When entering a roundabout, a driver must give way to any vehicle in the roundabout and any tram that is entering or approaching the roundabout. In many cases, this will mean giving way to vehicles already in the roundabout on your right. However in some cases, such as smaller roundabouts, vehicles who have entered to the left or the opposite side of the roundabout may mean you cannot safely enter and have to give way as they are already in the roundabout.
When entering a roundabout, it is not compulsory to come to a complete stop, unless it is done to avoid a collision. Roundabouts are meant to flow, and stopping unnecessarily is hazardous.
Once in the roundabout, a driver must give way to a tram, or a bus travelling along tram tracks that is in, entering or approaching the roundabout.
Using indicators at roundabouts also seems to cause confusion, but it’s not that different to any other type of intersection. Before entering the roundabout indicate as you normally would: left to turn left, right to turn right and no indicator if you are going straight ahead. Remember to indicate long enough to give sufficient warning to other drivers and pedestrians about where you plan to go.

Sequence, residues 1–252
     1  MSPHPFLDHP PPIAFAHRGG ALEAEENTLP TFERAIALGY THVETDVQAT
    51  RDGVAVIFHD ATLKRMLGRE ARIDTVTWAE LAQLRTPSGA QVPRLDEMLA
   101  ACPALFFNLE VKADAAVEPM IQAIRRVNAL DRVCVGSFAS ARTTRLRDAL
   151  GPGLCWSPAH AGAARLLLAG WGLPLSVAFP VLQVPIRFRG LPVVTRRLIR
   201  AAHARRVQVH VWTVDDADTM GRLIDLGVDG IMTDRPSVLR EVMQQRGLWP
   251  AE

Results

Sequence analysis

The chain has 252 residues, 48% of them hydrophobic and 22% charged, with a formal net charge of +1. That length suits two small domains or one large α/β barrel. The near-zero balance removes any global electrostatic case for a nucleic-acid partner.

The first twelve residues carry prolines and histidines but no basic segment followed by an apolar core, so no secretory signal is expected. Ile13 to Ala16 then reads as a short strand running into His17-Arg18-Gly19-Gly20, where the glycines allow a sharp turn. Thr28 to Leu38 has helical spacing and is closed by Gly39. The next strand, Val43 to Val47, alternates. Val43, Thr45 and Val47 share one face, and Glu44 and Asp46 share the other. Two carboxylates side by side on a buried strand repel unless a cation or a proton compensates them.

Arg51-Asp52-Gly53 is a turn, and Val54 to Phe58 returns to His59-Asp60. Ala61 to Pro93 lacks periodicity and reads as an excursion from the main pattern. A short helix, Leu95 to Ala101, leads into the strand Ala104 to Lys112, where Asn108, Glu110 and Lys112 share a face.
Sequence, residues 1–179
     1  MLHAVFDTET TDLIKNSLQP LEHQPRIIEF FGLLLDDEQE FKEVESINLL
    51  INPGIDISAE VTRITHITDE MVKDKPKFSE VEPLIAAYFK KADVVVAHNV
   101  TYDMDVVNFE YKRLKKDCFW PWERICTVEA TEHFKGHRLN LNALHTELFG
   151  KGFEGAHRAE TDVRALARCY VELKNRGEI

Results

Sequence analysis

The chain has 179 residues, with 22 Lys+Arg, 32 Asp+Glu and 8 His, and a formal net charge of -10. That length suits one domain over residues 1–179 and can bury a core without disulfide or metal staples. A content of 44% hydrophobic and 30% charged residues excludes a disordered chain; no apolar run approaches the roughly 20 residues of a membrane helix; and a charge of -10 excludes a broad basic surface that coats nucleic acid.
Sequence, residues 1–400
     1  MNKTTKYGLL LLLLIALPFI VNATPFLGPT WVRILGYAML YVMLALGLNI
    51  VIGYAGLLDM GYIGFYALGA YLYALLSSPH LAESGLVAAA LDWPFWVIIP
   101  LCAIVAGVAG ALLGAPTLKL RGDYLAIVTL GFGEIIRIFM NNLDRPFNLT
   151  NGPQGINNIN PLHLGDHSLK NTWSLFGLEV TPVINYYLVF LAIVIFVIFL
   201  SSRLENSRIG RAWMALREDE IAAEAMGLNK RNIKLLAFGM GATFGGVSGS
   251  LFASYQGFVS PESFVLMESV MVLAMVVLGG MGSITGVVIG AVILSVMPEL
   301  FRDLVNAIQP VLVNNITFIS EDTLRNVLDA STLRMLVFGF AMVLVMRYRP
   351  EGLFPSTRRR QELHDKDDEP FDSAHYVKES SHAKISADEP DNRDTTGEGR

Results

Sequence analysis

If you are going to leave the roundabout more than halfway around, then you should indicate right. Halfway around is defined as leaving on a road that is substantially straight ahead from the road you entered on. The difference to other intersections is in exiting. Where practicable, give a left change of direction signal when leaving the roundabout.
Overtaking is permitted in roundabouts, so long as it is safe to do so, and remembering to indicate as you would normally do. The overtaking vehicle must pass at a sufficient distance to avoid a collision or obstructing the path of the vehicle being overtaken.
On multi-lane roundabouts, cyclists (and animal riders!) riding in the far left lane of the roundabout are required to give way to any vehicle leaving the roundabout. This means that riders who wish to turn right should position themselves towards the middle of the roundabout, if safe to do so for the speed and type of traffic. Drivers are not required to give way to pedestrians when leaving a roundabout, but common-sense should prevail.
For more information see the Victorian Road Safety Road Rules rules 109 to 119.
VicRoads has produced a short video to help motorists understand how to give way at roundabouts.